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History’s Careful Watcher Turns Another Page

Senate Historian Don Ritchie is one of the few people in America who will argue that former Sen. Joe McCarthy had a softer side.

While the Wisconsin Republican was notorious for the anti-communism investigations that ruined many lives in the 1950s, Ritchie says most people don’t realize he was also a good boss and friend.

“When he died, all the Capitol Police owed him money because he was always lending them $5 or $10,” Ritchie says.

It’s that sense of the nuances of history that makes Ritchie perhaps the foremost scholar on the Senate.

Through his affinity for history, Ritchie has developed a deep understanding of the Senate. He has the unique perspective of someone who has met many of the key players and listened to their stories, many of which give insight into the characters most people only read about in history books. McCarthy is no exception.

In fact, Ritchie says McCarthy treated his staffers better than most. One staffer who proved to be a good example of that was Ruth Watt. In the 1950s, Watt served as chief clerk on the Senate Permanent Subcommittee on Investigations under McCarthy. She was on hand for many of his controversial investigations. And yet, during their interviews, Ritchie was surprised to hear Watt speak of McCarthy with affection.

“I thought at the time she was being a little bit easy on McCarthy,” he says. “She said he was the only Senator who ever gave her a Christmas present — a round of Wisconsin cheese.”

Later in his career Ritchie had the opportunity to edit McCarthy’s papers, a task that allowed him to gain further perspective on the man.

Ritchie, who was appointed to his post in 2009 after serving as associate historian for 33 years, is the memory keeper of the Senate. He has spent the last 34 years collecting details of the body’s history and dispersing it to staffers, reporters and even Senators.

“I have a front-row seat to the best show in town,” Ritchie says with a chuckle.

And now he’s written a new book, “The U.S. Congress: A Very Short Introduction,” which abbreviates 229 years of Congressional history into 168 pages. The book, which adds to his oeuvre of more than a dozen works, is designed to educate outsiders on the nature of the body and its various functions.

While Ritchie is an expert on the Senate, he is not as well-versed in the history of the House. Writing the book gave him an opportunity to explore and compare the chambers. One of the major things Ritchie took away from his research is that Congress is designed to be inefficient.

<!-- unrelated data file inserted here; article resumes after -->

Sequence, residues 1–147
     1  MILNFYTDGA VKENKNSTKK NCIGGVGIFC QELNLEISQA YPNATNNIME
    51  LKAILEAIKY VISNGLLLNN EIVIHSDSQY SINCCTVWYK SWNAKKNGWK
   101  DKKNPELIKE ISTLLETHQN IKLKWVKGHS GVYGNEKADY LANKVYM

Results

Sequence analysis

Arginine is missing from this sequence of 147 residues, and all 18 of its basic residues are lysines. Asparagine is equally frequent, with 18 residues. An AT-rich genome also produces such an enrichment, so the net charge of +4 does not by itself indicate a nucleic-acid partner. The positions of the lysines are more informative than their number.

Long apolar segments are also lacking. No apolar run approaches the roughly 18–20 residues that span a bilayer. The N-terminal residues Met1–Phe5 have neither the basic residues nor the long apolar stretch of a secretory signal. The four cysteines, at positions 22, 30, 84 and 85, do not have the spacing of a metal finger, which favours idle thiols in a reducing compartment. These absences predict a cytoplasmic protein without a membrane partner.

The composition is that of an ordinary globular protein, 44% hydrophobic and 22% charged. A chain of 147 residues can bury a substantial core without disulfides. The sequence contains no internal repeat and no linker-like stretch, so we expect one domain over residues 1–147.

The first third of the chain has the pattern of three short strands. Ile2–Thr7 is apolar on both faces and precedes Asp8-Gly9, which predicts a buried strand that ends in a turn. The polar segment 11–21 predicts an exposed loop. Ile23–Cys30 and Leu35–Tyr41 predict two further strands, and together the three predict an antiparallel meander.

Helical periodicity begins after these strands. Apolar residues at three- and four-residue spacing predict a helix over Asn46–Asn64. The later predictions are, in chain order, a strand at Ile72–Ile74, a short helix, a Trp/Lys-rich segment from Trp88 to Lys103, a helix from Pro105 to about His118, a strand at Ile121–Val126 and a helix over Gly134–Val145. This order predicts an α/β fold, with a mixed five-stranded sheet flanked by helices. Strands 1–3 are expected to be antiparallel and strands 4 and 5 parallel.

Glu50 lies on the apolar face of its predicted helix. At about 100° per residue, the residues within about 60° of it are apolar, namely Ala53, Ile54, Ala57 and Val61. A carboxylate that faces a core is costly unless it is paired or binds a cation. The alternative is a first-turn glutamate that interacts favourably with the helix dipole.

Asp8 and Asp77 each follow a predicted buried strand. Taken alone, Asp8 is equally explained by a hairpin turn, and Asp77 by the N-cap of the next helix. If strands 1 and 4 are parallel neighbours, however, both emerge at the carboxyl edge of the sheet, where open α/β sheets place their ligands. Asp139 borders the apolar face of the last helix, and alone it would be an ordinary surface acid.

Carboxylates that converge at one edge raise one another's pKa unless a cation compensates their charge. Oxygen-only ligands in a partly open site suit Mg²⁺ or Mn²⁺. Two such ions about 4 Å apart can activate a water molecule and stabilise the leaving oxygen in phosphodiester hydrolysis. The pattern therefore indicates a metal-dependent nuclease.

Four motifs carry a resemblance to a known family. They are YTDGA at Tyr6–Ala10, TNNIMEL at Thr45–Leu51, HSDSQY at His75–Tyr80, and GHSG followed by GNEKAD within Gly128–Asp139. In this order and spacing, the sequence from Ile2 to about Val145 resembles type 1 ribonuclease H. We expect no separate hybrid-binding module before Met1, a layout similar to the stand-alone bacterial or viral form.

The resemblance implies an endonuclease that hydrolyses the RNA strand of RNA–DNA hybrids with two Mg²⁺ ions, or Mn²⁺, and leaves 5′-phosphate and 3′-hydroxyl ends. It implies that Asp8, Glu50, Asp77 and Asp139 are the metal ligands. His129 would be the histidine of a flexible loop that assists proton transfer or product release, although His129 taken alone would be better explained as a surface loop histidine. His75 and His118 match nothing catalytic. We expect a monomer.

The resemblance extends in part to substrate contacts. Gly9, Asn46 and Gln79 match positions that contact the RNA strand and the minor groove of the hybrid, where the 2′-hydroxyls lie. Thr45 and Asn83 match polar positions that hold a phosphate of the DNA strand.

“If the Founding Fathers wanted to have an efficient government, they would have had one body,” he says. “When you look at the system and say it’s not working efficiently today, well, it wasn’t meant to be efficient. It was meant to be deliberative.”

While informative, the book contains only a small fraction of Ritchie’s knowledge of the Senate. Much of this knowledge comes from conducting the office’s oral history project, which Ritchie considers the highlight of his job. The endeavor, which began in 1976, involves interviewing scores of people who worked in the Senate, from janitors to clerks to Senators.

“So much of what I know about the Senate is from sitting down with the former parliamentarian or a Senator,” Ritchie says. “They take you behind closed doors, into back rooms.”

During his tenure, Ritchie has had the chance to interview staffers such as a black clerk who worked in Congress in the 1930s as well as the first black woman to eat lunch in the newly integrated Senate cafeteria. While their roles may have seemed small at the time, Ritchie says their stories are vital to history.

“They’re very colorful,” he says. “They tell wonderful anecdotes.”

While the oral history project may be the highlight of his job, it is by no means the only function of his office. Ritchie spends hours on the phone each week with staffers and reporters who are looking to track down information for floor speeches, press releases and articles.

“We are a very neutral, nonpartisan office,” he says. “We let everybody else put the spin on the story.”

Ritchie and his staff keep 14 binders on hand containing statistics and stories pertaining to the most frequently asked questions. The lists include facts about families in Congress, presidential vetoes and Congressional deaths.

When the historian’s office began in the 1970s, it was located in the attic of the Capitol next to stacks and stacks of books, Ritchie says.

“We would get a call, go look it up and write it down,” he says. The result was the binders, which the office still updates today. “Sometimes somebody asks a question that we’ve never had before, so we start a new list.”

In addition to staffers and reporters, Senators occasionally contact the office looking for information or simply to chat about their love of history. In fact, the late Sen. Robert Byrd (D-W.Va.) was a frequent caller. He often phoned Ritchie to let him know that he was going to the floor to give a speech on the history of the Senate.

“Then, five minutes later, he’d call and say, ‘Well Dr. Ritchie, what did you think?’ And I’d give a little critique.”

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